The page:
Source: Scientific Research Publishing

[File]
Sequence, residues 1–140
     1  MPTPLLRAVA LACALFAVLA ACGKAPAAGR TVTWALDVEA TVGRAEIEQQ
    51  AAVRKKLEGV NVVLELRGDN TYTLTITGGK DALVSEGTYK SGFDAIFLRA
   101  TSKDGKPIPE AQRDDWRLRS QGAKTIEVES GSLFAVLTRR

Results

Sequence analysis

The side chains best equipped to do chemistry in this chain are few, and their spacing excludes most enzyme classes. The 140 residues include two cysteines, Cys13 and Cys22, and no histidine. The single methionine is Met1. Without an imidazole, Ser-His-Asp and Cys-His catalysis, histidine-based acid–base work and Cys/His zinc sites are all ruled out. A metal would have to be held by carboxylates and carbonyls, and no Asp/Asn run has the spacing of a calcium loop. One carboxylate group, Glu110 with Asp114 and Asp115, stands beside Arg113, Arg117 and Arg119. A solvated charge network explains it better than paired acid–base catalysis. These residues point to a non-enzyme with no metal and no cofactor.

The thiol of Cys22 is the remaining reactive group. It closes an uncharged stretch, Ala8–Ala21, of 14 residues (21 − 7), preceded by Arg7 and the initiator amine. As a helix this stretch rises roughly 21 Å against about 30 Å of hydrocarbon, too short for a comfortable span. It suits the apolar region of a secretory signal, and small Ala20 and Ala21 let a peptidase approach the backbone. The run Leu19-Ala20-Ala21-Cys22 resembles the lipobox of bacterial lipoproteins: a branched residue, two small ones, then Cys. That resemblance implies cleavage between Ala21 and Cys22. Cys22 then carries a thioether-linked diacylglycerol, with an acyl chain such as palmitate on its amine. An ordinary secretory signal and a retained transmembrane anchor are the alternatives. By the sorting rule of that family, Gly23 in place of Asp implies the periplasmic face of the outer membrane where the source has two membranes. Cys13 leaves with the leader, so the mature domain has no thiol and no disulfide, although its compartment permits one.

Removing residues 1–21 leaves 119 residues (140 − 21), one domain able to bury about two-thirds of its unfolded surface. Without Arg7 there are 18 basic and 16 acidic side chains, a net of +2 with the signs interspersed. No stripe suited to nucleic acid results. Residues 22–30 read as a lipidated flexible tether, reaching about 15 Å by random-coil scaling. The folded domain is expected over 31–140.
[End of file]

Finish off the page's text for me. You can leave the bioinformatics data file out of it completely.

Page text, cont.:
Childhood obesity is a growing concern world-wide, and obesity rates are higher in certain groups in the developed world, including Australian Aboriginal people. Community-based obesity prevention interventions (CBOPI) can help to address obesity, however the approach of such programs to reach diverse groups, including Aboriginal people, must be considered. This paper considers one mainstream1 CBOPI, the eat well be active (ewba) Community Programs in South Australia, which was delivered in two communities and sought to reach Aboriginal people as part of the overall program. This paper considers how well this approach was received by the Aboriginal people living and working in those communities. Semi-structured interviews were conducted with nine Aboriginal workers who had some connection to the ewba program, and seven ewba project staff. Qualitative data analysis was performed and factors found to affect how well the program was received by Aboriginal people include relationships, approach and project target group, including geographical area. A different response was observed in the two communities, with a more positive response being observed in the community where more relationships were developed between ewba and Aboriginal staff. For any CBOPI seeking to work with Aboriginal (or other Indigenous) communities, it is vital to consider and plan how the program will meet the needs and preferences of Aboriginal people in all stages of the project, in order to reach this group.